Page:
using a colon-delimited syntax:

[colname]:[h⎪d⎪r]

If the colname is omitted, the names default to "RA", "DEC", "X", "Y", "COL1", or "COL2"
as above. If the units are omitted, the default is degrees for both RA and Dec. When the
-r switch is used (convert from image to sky) the units are applied to the output instead
of the input. The following examples will serve to illustrate the options:

# read from stdin, specifying column names (def. units: degrees)
[sh] cat hd.in
MYRA MYDEC
--------- ---------
22.982695 58.606523
22.982127 58.607634
22.981700 58.614301

[sh] funsky snr.ev MYRA MYDEC < hd.in
510.00 510.00
512.00 510.50
513.50 513.50

# read from stdin, specifying column names and units
[sh] cat dd.in
MYRA MYDEC
--------- ---------
344.740432 58.606523
344.731900 58.607634
344.725500 58.614301

[sh] funsky snr.ev MYRA:d MYDEC:d < dd.in
510.00 510.00
512.00 510.50
513.50 513.50

# read stdin, convert image to sky, specifying output sky units
[sh] cat im.in
510.00 510.00
512.00 510.50
513.50 513.50

[sh] cat im.in ⎪ funsky -r snr.ev :d :d
344.740432 58.606523
344.731900 58.607634
344.725500 58.614301

Finally, four command arguments specify both and input file and column names and/or units:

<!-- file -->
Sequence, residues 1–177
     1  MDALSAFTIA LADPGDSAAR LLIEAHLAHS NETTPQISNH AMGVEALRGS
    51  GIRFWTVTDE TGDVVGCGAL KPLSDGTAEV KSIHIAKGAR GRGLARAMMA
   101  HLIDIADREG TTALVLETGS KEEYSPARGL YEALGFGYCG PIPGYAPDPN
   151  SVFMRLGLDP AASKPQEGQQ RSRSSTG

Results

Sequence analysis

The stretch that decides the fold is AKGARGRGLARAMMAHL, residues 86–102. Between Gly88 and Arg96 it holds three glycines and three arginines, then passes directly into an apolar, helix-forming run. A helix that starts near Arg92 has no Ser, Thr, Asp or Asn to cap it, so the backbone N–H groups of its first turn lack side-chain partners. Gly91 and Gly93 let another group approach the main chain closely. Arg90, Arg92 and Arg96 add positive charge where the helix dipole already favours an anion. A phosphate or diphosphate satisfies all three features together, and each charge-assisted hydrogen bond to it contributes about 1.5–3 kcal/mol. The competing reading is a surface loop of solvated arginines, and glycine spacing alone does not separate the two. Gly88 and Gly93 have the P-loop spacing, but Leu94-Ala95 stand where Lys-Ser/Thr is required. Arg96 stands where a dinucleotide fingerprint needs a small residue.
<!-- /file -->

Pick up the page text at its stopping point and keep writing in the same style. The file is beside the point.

[sh] cat dd.in
MYRA MYDEC
--------- ---------
344.740432 58.606523
344.731900 58.607634
344.725500 58.614301

[sh] funsky snr.ev dd.in MYRA:d MYDEC:d
510.00 510.00
512.00 510.50
513.50 513.50

# read file, convert image to sky, specifying output sky units
[sh] cat im.in
510.00 510.00
512.00 510.50
513.50 513.50

[sh] funsky -r snr.ev im.in :d :d
344.740432 58.606523
344.731900 58.607634
344.725500 58.614301

By default, the output of funsky consists only of the converted coordinate position(s),
one per output line. This makes parsing in shell scripts easy. Use the -v (verbose)
switch to specify that the input coordinates should be pre-pended to each line. For
example:

[sh] cat dd.in
MYRA MYDEC
--------- ---------
344.740432 58.606523
344.731900 58.607634
344.725500 58.614301

[sh] funsky snr.ev dd.in MYRA:d MYDEC:d
510.00 510.00
512.00 510.50
513.50 513.50

[sh] funsky -v snr.ev dd.in MYRA:d MYDEC:d
344.740432 58.606523 510.00 510.00
344.731900 58.607634 512.00 510.50
344.725500 58.614301 513.50 513.50

In addition, a full starbase table can be output using the -T (table) switch. This switch
can be used with or without the -v switch. If the -T and -v are both specified, then a
descriptive header parameters are output before the table (mainly to remind you of the sky
units):

# output table in non-verbose mode
[sh] funsky -T snr.ev dd.in MYRA:d MYDEC:d
X Y
------------ ------------
510.00 510.00
512.00 510.50
513.50 513.50

# output table in verbose mode
[sh] funsky -T -v snr.ev dd.in MYRA:d MYDEC:d
# IFILE = /Users/eric/data/snr.ev
# ICOL1 = MYRA
# ICOL2 = MYDEC
# IUNITS1 = d
# IUNITS2 = d
# OCOL1 = X
# OCOL2 = Y

MYRA MYDEC X Y
------------ ------------ ------------ ------------
344.740432 58.606523 510.00 510.00
344.731900 58.607634 512.00 510.50
344.725500 58.614301 513.50 513.50

Finally, the -d (ds9) switch mimicks ds9's use of integer TLMIN and TLMAX values for all
coordinate transformations. FITS conventions seem to call for use of floating point TLMIN
and TLMAX when the data are floats. This convention is followed by funsky but results in a
small discrepancy with ds9's converted values for floating point data. We will remedy this
conflict in the future, maybe.